Why You Might Want to Take Another Look at How You “Measure Success” When Working With an Executive Recruiter
If you are currently looking for an Executive Recruiter, you have far more important things on your mind than to worry about how you will be measuring the success of this search once it is completed. To put your main focus on those metrics while a search is taking place would be idiotic. What matters most to you is hiring the best possible candidate in an efficient amount of time. Fortunately, as an Executive Recruiter myself, I agree with you.
However, once the role is filled, how are we able to best evaluate how the search went? Metrics can play an important role in providing an objective performance evaluation after a search is completed, but keep in mind when it comes to executive search based metrics, they have the potential to be misleading and could very well distract you from what the overall goal was at the start of the search. Good Executive Recruiters want to provide full transparency throughout every search, we’re here to help you place the best candidate possible, but we want to ensure success is measured properly.
In order to quantify the productivity and success of a recruiter, let’s fully examine each metric, address the problem, and supply a simple solution. By keeping metrics simple, you'll have a better idea at the end of the search, if this is a recruiter you want to keep working with in the future.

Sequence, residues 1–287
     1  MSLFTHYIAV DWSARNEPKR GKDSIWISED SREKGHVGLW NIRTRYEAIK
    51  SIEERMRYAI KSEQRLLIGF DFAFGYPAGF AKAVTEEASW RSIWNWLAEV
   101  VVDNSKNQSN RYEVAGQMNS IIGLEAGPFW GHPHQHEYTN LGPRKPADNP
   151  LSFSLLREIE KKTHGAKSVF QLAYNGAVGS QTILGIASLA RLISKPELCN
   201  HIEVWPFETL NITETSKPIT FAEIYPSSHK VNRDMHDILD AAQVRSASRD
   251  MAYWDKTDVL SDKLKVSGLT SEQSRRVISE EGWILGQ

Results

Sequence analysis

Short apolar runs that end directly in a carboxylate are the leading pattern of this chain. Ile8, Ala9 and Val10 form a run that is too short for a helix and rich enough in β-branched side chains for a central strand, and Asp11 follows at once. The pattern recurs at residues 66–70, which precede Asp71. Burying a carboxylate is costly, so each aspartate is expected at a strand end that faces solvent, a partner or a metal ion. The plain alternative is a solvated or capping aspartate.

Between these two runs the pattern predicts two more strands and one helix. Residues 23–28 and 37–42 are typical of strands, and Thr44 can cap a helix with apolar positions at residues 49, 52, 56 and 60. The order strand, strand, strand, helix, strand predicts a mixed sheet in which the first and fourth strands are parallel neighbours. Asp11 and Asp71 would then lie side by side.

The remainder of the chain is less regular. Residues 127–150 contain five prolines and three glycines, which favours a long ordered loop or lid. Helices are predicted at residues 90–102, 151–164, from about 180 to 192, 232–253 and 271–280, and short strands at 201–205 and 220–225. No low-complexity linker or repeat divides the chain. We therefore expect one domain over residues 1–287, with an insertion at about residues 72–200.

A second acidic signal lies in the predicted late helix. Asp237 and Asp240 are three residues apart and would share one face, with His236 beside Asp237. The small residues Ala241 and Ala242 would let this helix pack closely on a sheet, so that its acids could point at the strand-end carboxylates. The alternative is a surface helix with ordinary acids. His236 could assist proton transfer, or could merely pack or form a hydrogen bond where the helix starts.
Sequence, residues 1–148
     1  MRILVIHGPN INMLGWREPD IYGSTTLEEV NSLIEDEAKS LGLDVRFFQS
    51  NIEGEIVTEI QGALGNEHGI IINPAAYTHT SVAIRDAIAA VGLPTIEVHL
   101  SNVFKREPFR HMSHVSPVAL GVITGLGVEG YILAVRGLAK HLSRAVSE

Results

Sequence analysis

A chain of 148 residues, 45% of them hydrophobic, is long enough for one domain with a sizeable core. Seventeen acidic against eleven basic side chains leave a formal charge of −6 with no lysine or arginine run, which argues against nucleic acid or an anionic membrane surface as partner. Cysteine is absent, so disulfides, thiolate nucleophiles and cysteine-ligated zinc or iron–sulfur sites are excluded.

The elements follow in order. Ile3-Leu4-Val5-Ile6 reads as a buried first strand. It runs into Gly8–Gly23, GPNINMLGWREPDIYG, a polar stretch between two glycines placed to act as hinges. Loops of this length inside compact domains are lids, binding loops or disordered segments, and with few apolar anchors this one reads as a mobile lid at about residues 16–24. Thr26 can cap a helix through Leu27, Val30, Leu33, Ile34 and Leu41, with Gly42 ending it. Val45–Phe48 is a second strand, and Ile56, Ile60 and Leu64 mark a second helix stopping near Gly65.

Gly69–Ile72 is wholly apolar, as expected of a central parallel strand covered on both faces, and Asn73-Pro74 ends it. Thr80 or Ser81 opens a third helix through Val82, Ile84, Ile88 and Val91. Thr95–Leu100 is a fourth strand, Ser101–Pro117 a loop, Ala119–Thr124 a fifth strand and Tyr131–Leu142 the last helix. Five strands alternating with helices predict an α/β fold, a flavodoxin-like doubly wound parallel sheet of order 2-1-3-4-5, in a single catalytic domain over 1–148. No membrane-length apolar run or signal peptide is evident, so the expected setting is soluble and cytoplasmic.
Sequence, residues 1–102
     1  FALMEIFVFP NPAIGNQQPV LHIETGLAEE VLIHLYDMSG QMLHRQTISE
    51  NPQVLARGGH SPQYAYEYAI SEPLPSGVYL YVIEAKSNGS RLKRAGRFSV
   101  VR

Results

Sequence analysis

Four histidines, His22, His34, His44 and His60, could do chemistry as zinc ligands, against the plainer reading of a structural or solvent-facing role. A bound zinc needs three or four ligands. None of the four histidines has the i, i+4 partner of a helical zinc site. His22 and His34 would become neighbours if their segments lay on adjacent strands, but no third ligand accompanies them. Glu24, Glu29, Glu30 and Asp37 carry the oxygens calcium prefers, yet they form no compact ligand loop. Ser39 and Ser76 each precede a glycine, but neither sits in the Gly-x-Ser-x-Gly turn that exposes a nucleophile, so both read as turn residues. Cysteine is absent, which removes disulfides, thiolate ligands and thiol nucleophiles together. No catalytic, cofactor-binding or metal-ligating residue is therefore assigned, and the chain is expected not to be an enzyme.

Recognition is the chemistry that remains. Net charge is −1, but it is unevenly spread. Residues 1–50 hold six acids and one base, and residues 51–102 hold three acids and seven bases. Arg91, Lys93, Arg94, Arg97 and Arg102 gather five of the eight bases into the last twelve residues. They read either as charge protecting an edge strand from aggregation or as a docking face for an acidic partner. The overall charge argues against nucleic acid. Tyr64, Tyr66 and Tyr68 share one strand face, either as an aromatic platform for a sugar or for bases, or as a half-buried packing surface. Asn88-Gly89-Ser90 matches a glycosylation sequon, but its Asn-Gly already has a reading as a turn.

Metric #1: Determining Quality of Hire
How much an individual contributes to your company’s long term success.
Is quality quantifiable? When it comes to measuring the quality of hire, Aptitude Research Partners found that over 60% of companies identify defining an individuals quality of hire is the top challenge they face, stating that there is “no standard for defining, measuring and improving this critical method”. Only 26% of the companies surveyed had a formal methodology for defining quality of hire.
Additionally, “over 80% of organizations in this survey believe that quality of hire is a recruitment metric and not a hiring manager metric.” As such, recruiters are faced with finding top talent meeting the company’s goals and expectations while facing the consequences of an unsuitable hire, all without having a benchmark to measure the success of candidate placement.
When I meet a client I ask them how success for the role will be measured, so we have the KPI’s. But I can’t control if the person is “enabled” to reach those goals, or if the culture sucks and they quit, or their boss is an asshole.
So, with this illusive measurement, what are we actually quantifying, and how can we look at this from a different perspective?
Let this metric evolve over time. We will never be able to know an “exact” metric of how a candidate impacts a company’s health, nor will there ever be a standard quality of hire metric due to the fact that each company is going to have entirely different goals.
Metric #2: Measuring Time to Shortlist
The amount of time it takes to present a panel of interested, qualified, and first-rate candidates to their client for consideration
When creating a shortlist, just like any other process, roadblocks can emerge and criteria can very well need to be changed or revised. However, when you decide to change the strategy in the middle of the search, the entire shortlist may very well need to be torn down and reconstructed.
Suppose you get new information and need to alter the job requirements by changing a significant qualification for the role. Doing this will require an Executive Recruiter to go back to the drawing board. Selecting new candidates for the position, greatly impacts the initial time to shortlist.